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Three Cups of Tea: One Man's Mission to…
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Three Cups of Tea: One Man's Mission to Promote Peace ... One School at a… (2006)

by Greg Mortenson, David Oliver Relin

Other authors: See the other authors section.

MembersReviewsPopularityAverage ratingMentions
9,519427304 (3.85)515
  1. 40
    Half the Sky: Turning Oppression into Opportunity for Women Worldwide by Nicholas D. Kristof (RosyLibrarian)
  2. 40
    Little Princes by Conor Grennan (TooBusyReading)
  3. 52
    Three Cups of Deceit: How Greg Mortenson, Humanitarian Hero, Lost His Way by Jon Krakauer (BookWallah, TooBusyReading)
    BookWallah: Are you willing to hear the other side of this story... warning this is not pretty.
    TooBusyReading: I think it is important to read both sides of the story.
  4. 63
    Stones into Schools: Promoting Peace with Books, Not Bombs, in Afghanistan and Pakistan by Greg Mortenson (Furu, BookWallah, coclimber)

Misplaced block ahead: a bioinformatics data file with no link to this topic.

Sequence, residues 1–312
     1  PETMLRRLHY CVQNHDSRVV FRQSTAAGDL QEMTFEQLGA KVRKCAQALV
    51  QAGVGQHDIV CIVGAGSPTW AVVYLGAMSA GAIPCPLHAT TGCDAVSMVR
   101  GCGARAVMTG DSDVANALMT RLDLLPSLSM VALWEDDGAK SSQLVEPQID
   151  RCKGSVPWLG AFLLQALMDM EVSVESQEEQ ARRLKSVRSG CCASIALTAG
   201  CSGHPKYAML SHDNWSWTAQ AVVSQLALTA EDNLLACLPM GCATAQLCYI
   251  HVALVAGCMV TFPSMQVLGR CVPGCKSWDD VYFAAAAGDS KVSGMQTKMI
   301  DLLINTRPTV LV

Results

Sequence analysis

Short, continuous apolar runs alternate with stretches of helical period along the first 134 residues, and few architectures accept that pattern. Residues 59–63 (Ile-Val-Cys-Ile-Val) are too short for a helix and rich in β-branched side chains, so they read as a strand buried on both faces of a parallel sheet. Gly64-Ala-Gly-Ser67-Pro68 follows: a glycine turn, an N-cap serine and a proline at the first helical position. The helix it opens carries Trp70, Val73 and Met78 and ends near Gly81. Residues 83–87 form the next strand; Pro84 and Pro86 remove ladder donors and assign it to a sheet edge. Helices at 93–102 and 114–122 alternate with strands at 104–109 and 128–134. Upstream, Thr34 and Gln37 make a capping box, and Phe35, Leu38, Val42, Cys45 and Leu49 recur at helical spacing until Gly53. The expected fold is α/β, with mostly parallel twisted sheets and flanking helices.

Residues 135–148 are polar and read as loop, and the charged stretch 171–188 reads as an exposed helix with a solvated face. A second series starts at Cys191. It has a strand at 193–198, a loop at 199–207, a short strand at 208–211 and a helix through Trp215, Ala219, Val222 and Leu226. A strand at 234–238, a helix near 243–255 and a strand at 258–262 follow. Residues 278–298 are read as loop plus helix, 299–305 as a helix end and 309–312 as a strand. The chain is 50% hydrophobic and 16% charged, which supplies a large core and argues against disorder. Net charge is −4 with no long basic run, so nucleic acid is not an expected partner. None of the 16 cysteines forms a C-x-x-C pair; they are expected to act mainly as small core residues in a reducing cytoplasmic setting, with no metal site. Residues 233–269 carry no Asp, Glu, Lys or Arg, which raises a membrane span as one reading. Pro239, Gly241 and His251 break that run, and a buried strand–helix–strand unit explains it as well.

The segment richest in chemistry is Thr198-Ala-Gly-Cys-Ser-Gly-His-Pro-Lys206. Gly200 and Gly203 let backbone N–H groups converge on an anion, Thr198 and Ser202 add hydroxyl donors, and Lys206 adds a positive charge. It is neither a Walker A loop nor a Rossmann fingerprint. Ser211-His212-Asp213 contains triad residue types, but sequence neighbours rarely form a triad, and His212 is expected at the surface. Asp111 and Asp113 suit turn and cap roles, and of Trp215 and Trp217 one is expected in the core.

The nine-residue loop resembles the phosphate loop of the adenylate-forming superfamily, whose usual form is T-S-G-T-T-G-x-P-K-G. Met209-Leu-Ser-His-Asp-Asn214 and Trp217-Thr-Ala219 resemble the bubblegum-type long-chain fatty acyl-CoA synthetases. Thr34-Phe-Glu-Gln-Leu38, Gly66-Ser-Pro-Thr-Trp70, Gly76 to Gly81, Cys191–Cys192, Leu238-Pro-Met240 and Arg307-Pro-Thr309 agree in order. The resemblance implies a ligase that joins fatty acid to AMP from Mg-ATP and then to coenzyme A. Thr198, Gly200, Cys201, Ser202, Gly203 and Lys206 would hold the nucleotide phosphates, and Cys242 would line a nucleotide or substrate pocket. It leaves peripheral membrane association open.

BookWallah: If you are one of the few people in the USA that missed Greg's first (Three Cups of Tea) book you should make amends and rush to read this one.
  5. 31
    Into Thin Air: A Personal Account of the Mt. Everest Disaster by Jon Krakauer (SqueakyChu)
    SqueakyChu: Both books contain personal accounts of experiences in the highest moutains of the world.
  6. 20
    The Boy Who Harnessed the Wind: Creating Currents of Electricity and Hope by William Kamkwamba (cmbohn)
    cmbohn: Both talk about how education changes lives for the better and how any sacrifice is worth it to receive an education.
  7. 31
    Reading Lolita in Tehran by Azar Nafisi (spacepotatoes)
  8. 21
    Mountains Beyond Mountains by Tracy Kidder (Pferdina, cee2, Othemts)